First of all, can it even be done? Can someone purchase an insurance policy on you, without your knowledge? The answer is yes–but the circumstances are mostly fraudulent.
It is extremely difficult to get someone else’s life insured without their consent. First of all, most life insurance policies require that the person first get a medical exam. In addition, most policies would also require that person’s signature of consent that the medical information may be released. And even though the policy doesn’t require the individual to take a medical exam or sign a consent form for the release of the results, the said individual will still have to sign the policy.
Insurance companies also make sure that the person who is buying the policy for another individual has “insurable interest”. This means that if the individual were to die, the person applying for the policy would suffer a financial loss or another kind of loss.
Furthermore, a person who is insured will receive a call from the company, asking if the information they have received is correct. They will verify the information and ask if insurable interest exists. It would be extremely difficult to bypass this process, and fraud would be committed if someone else were to intercept your calls or simply forge your signature.
Children under 15 are not required to sign a form. Their parents, who are applying for them, would be the one to sign the policy. When the child is older, there’s a chance that he or she still isn’t aware that the policy exists.
Group life insurance, which is given through work, has the option of adding coverage for your spouse. This can be done without his or her knowledge, although group life insurance amounts are usually not significant in amount.
Up until 2006, companies could buy policies for their employees without the employees’ knowledge. This would allow the company to receive benefits in the case of an employee’s death. These situations generated lawsuits from those who got little or nothing when the insured individuals died. For example, a woman would get a small amount from the company her husband worked in, and would later find out that the company got a much larger amount of money because of the policy that they hid from the deceased worker and his family.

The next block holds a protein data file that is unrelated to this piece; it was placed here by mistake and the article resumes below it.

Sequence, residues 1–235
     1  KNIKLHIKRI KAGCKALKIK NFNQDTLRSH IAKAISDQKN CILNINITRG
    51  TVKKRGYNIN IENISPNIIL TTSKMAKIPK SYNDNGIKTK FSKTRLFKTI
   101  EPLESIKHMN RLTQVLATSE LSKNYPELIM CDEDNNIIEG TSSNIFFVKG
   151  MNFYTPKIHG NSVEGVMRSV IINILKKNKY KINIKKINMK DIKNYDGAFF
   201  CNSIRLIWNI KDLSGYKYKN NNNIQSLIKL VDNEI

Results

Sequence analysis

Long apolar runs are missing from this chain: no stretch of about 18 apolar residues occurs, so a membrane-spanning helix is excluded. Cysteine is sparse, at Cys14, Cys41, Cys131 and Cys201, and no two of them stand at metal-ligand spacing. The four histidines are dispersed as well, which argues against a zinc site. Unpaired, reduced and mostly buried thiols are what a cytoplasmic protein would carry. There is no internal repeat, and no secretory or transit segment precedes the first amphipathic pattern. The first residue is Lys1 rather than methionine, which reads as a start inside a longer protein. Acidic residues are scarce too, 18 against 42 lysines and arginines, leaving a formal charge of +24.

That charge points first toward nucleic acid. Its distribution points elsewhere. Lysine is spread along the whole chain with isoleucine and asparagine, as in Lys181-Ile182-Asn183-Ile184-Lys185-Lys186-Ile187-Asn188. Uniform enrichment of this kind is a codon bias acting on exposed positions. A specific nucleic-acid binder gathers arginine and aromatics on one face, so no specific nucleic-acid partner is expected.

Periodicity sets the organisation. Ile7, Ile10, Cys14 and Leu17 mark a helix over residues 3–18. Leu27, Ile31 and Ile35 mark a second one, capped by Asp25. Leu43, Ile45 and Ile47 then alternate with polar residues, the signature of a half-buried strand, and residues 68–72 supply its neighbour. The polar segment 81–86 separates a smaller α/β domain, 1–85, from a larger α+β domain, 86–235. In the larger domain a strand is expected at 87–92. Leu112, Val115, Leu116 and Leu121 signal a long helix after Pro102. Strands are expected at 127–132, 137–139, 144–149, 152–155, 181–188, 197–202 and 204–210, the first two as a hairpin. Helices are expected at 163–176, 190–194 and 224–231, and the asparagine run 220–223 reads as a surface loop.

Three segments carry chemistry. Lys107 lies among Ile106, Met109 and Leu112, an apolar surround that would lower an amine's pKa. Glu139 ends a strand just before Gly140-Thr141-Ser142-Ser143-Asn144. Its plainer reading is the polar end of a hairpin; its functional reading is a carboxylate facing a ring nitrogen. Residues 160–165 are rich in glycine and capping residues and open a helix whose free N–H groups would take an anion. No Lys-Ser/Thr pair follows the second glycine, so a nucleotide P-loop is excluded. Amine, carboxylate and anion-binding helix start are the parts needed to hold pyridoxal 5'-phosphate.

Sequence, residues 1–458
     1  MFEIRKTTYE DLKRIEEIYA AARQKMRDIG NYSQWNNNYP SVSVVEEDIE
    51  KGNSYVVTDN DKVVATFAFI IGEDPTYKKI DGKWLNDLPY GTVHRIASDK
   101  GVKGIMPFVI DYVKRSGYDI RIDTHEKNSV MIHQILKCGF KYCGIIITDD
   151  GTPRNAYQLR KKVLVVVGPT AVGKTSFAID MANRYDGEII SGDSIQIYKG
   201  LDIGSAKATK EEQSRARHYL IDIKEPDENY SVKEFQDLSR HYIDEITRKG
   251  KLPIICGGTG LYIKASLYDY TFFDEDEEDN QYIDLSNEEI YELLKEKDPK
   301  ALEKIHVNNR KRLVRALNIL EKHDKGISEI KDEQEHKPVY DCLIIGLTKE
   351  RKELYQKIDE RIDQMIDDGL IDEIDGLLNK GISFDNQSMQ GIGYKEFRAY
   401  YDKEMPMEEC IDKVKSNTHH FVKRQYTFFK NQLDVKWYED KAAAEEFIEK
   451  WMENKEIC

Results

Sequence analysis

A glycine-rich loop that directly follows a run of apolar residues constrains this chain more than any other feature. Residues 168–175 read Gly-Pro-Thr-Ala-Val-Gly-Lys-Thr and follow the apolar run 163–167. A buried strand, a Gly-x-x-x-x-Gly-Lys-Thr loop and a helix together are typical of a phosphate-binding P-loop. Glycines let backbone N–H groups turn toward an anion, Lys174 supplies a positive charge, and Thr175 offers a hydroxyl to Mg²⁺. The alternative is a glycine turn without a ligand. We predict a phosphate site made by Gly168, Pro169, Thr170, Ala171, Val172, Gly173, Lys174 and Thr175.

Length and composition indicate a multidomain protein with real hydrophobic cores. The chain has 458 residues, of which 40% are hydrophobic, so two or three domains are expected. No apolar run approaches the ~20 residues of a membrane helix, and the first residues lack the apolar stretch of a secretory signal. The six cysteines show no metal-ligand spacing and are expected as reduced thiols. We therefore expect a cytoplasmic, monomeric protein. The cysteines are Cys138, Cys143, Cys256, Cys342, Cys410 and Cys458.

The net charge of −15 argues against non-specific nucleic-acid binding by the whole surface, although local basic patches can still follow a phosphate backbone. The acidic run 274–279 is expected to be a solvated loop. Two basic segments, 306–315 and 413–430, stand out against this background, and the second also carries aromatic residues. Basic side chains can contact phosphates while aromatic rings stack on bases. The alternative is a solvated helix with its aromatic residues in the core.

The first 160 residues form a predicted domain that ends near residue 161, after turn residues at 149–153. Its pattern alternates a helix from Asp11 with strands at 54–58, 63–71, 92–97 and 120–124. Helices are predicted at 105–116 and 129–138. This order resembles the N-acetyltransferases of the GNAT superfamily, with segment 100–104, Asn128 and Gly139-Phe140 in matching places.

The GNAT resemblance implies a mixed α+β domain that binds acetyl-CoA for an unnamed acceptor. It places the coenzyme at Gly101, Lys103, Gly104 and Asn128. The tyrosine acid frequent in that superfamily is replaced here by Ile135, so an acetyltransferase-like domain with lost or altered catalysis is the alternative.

If you suspect that someone might have a life insurance policy on you without your knowledge…
Refresh your mind and try to discover how you could have arrived with this suspicion. If you think your parents insured you when you were younger than 15, then the most sensible thing to do is to simply ask them. If you think you were tricked into signing an application, then did the person have ‘insurable interest’?
If you have the right reasons to suspect that someone has a life insurance policy on you, then there are options you can explore to discover if your suspicions are correct. If you don’t know the company involved, the best thing to do is contact the Medical Information Bureau. The Bureau keeps track of fraudulent activity in the insurance industry. What they will do is search your name to see if there are any life insurance policies on you. You may also ask for help from the police, who will refer you to another agency. Finally, you may consult a life insurance expert, who can help you understand what you need to know and the other options you can take.
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